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Green transition prospects and challenges

Context

The transition to a low-carbon economy has become a global priority in the fight against climate change. One of the main challenges of the transition to net zero is to mobilise private capital to finance sustainable initiatives. It is therefore important to find ways of integrating a responsible and sustainable approach into financial activities, combining active management of decarbonisation, responsible financing, and the greening of portfolios.

EU regulators have adopted various regulations and standards to encourage private investment in the transition to a climate-neutral economy. These include climate-related disclosure, EU sustainability labels and standards, and the EU taxonomy for sustainable activities and green bonds. These measures aim to create transparency on sustainability risks and opportunities, facilitate a structured dialogue between stakeholders, and support the transition of economies. Yet, one still has to make an important effort to implement them to leverage the related expected added value.

In addition, though their objectives in some cases mainly address risk mitigation concerns at the global level, various initiatives have been set up to accelerate the transition, such as the Network for Greening the Financial System (NGFS), the Glasgow Financial Alliance for Net Zero (GFANZ), and the Transition Pathway Initiative (TPI). These initiatives are contributing to the development of robust transition scenarios, sector-specific trajectories, and mandatory disclosure standards.

However, these varied initiatives may have adverse consequences for financial players that should be addressed. Objections have been raised over a possible conflict between financial institutions’ sustainability ambitions and their traditional objectives of return and security.

A concern also stems from the need to maintain an appropriate level of financing for transitioning industries and even for so-called brown industries, given the actual pace for switching to renewables.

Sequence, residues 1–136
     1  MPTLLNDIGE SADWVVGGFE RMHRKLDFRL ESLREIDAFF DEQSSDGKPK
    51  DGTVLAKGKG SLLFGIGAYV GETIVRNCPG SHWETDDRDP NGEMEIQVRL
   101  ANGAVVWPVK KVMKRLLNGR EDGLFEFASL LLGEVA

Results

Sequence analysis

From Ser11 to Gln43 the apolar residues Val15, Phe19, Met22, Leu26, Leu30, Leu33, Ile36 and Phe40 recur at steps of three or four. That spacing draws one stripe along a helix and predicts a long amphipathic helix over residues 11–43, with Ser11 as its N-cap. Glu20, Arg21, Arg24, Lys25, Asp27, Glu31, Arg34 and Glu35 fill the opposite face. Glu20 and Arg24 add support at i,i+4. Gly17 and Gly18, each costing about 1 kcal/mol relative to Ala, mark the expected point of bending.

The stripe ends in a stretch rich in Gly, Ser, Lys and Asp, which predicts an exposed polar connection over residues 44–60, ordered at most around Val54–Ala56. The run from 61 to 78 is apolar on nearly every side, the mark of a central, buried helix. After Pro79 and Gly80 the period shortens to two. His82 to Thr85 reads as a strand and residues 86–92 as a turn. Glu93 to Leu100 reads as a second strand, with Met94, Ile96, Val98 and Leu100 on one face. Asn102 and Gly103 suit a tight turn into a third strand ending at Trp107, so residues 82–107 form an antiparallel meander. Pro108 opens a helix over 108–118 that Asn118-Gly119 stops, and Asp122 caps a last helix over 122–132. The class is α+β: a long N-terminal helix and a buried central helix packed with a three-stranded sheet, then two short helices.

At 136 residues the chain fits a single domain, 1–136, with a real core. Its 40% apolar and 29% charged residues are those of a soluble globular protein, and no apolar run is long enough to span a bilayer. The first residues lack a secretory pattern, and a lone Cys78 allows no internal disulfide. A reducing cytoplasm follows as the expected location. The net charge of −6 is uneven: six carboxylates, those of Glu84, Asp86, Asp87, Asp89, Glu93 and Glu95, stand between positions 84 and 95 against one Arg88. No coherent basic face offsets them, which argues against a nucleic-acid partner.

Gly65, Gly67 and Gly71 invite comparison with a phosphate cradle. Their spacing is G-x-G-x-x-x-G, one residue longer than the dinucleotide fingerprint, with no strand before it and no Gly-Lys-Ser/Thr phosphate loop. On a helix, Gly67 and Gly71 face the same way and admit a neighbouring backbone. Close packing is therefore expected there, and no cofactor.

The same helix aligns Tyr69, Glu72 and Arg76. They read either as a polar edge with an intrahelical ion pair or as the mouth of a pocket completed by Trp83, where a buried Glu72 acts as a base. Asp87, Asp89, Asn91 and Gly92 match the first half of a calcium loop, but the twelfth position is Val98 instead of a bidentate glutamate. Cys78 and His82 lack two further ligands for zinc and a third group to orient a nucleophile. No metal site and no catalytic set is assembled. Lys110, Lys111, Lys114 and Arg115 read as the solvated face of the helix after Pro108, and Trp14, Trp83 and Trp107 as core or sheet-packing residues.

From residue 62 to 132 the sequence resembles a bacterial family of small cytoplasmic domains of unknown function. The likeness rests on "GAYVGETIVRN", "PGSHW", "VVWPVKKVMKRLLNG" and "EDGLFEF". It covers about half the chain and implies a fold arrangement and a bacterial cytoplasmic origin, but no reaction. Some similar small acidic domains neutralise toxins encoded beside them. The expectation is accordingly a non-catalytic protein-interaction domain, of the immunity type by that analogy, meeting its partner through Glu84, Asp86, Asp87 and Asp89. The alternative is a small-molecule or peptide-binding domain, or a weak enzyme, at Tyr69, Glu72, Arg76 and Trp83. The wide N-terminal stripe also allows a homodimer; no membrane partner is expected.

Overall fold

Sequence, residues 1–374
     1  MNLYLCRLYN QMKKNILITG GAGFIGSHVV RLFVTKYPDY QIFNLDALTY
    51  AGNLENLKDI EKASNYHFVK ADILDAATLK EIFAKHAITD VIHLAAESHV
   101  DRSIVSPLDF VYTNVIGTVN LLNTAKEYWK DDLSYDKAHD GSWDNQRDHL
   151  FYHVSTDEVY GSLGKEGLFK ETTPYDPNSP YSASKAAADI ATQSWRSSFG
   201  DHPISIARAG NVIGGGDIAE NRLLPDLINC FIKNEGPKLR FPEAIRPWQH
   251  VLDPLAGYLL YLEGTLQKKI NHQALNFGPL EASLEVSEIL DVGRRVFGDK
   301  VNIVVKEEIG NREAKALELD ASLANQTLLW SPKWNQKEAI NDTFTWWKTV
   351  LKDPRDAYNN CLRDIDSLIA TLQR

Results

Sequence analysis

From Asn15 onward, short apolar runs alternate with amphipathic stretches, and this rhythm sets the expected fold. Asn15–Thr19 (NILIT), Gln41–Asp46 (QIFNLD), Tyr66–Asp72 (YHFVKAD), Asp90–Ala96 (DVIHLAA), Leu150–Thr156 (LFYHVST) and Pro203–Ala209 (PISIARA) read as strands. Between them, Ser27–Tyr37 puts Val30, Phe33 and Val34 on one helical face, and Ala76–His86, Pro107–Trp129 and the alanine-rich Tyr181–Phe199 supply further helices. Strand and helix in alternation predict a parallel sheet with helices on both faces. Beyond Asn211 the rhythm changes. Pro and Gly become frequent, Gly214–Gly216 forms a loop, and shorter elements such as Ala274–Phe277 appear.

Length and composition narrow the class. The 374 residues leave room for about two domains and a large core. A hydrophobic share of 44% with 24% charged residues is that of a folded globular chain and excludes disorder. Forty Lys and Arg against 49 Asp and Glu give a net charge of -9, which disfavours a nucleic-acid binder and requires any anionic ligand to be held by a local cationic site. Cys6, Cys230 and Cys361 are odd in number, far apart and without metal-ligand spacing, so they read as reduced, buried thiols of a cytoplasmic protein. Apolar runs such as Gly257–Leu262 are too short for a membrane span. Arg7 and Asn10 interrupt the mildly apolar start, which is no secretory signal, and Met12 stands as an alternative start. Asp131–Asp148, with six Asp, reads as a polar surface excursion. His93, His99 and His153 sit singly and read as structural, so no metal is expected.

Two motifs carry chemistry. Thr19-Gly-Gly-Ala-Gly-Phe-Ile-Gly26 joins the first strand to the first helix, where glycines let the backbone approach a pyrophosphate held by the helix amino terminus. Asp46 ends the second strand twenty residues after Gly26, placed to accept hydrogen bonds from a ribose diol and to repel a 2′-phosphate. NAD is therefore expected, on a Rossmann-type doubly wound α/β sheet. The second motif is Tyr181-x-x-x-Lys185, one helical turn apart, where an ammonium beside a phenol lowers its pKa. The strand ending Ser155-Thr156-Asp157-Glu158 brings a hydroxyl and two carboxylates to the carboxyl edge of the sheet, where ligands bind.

Finally, the transition to net zero requires careful consideration of optimal and consistent transition and adaptation strategies in the areas of technology, economy and social, as well as clear communication to inform all stakeholders. In this respect, it is crucial to address the many uncertainties and risks associated with such an unprecedented socio-economic transformation which is highly dependent on a wide range of innovative technologies still in the making. One essential political issue is also to set the condition making the pace of investments made for the ecological transition globally, as well as in the countries of the Union, sufficient considering the needs identified.

It is worth mentioning that an effective transition also requires factoring in that Small and medium-sized enterprises (SMEs) play a key role in the transition to net zero. However, they face specific challenges, such as limited access to sustainable finance, the complexity of regulations and standards, and the need to adopt new business practices. It is essential to support SMEs in their transition by providing appropriate resources, advice, and incentives. This will strengthen their resilience and encourage their active participation in the transition to a low-carbon economy.

Eurofi Views Magazine chapters

Supporting the green transition - September 2023 new

Sylvie Goulard | Carlos Cuerpo Caballero - Ministry of Economy and Digitalization, Spain | Harald Waiglein - Federal Ministry of Finance, Austria | Gerassimos Thomas - European Commission | Javier Rodrigo Soler - Banco Bilbao Vizcaya Argentaria (BBVA) | Hani Kablawi - The Bank of New York Mellon | John Murton - Standard Chartered Bank

Transition of financial activities towards net zero - September 2023 new

Richard Knox - HM Treasury | Takanori Sazaki - MUFG Bank, Ltd. | Benoît de La Chapelle Bizot - BPCE